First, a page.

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Rocco Forte's Hotel de Rome in Berlin: Take a peek behind the scenes

It's the eve of opening. Rocco Forte's Hotel de Rome in Berlin is about to welcome its first paying guests. The tension is palpable. Nick Coleman watches the drama unfold

Actors suffering from opening-night nerves burst into tears.But hoteliers just let the colour drain from their cheeks and shake you firmly by the hand, especially German ones.

Tonight is the night before opening at Rocco Forte's extraordinary new Hotel de Rome in Berlin. The project has cost €80m. At midday tomorrow, the doors will swing open on to a short flight of regal steps, four vast crimson urns and an atrium which somehow conflates the atmospheres of imperial Rome, German neo-classicism and banking.

That would be because the hotel, situated as it is along one side of central Berlin's Bebelplatz (where the Nazis used to burn books), is hewn from the adamantine rock of what was once the head office of the mighty Dresdner Bank. On the outside it is a stark manifestation of Berliner neo-classical grandeur. On the inside it is the Italian architect Tommaso Ziffer's "Berlin style" writ gorgeously, in marble and plaster, in nuanced shades of brown, grey and black; in strange pendular structures enclosing jet-black Modernist pottery; in a pervading sense that the most important aspect of the design is the manner in which light is permitted to fall. It is all of these marvellous architectural things, yet the hotel is also resolutely banky.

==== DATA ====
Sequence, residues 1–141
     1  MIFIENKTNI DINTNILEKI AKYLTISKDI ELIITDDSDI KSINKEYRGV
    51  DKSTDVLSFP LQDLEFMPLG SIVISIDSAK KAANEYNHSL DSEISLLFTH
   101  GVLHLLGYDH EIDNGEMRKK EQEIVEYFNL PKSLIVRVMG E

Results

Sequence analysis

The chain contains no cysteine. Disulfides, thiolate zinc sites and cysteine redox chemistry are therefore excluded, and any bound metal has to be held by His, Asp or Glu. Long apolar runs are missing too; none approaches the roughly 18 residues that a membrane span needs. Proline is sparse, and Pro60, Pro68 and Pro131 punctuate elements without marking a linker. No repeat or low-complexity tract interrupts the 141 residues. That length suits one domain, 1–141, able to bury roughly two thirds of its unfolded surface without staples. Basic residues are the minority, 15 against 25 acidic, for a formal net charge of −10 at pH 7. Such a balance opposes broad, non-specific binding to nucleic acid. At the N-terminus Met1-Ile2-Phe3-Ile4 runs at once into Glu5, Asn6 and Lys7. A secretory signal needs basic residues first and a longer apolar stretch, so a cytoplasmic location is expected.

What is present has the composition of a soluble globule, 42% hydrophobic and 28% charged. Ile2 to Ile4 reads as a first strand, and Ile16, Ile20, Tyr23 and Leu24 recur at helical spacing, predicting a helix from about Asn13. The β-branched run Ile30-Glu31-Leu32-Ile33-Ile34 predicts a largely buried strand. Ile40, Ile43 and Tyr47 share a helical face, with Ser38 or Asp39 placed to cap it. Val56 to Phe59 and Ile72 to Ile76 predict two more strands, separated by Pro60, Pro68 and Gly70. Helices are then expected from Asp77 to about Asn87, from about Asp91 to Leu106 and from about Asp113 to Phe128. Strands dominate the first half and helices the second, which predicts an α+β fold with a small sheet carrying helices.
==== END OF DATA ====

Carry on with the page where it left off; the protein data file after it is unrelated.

The bar staff are colour-coding bottles. "I'm sorry, I can't offer you biscuits yet - hopefully they'll be here tomorrow." So confesses the waitress in perfectly idiomatic English as she delivers a pot of tea to my table with a look of apology. It's OK, really it is. And it's OK too that my otherwise magnificent room does not have coat-hangers or a tooth-mug, and the telly doesn't work. If the bathroom floor can be warmed at the flick of a switch, then surely it is only a matter of time before a tooth-mug will materialise.

I am asked gravely by Ariane Fischer, personal assistant to the manager, to tell her if there's anything at all I might notice that remains to be dealt with before tomorrow's opening; it doesn't matter how small. I point out the coat-hanger, tooth-mug and telly situations. "Yes, yes, this is just the thing. I will inform housekeeping at once."

I am whisked down to the vaults, now the hotel's extensive spa. Everything is bathed in sepulchral light - grey, soft green and, unexpectedly, gold. Gold? "Ah yes," says Heather Blankinship, the spa manager for the group, "but this was the vault of the bank. You see they have left the security doors here? Green door, gold handle. And behind this one is where we do our gold and silver facial treatments."

The spa is an extraordinary space, or rather aggregation of spaces, some of them tiny, all of them bafflingly arranged in a network of corridors no doubt conceived to discombobulate bank robbers. In one, lit by natural light from a window set above our heads at pavement level, there is an entire wall of safes, floor to ceiling. "We haven't decided how to use this room yet," says Heather. The steel shutters on the window embrasure are a foot and a half thick and have "Panzer" written on them, gold on mossy green. I marvel at the beautiful mosaic pool and I am given a singular massage in another tiny grey vault. I emerge feeling like another person.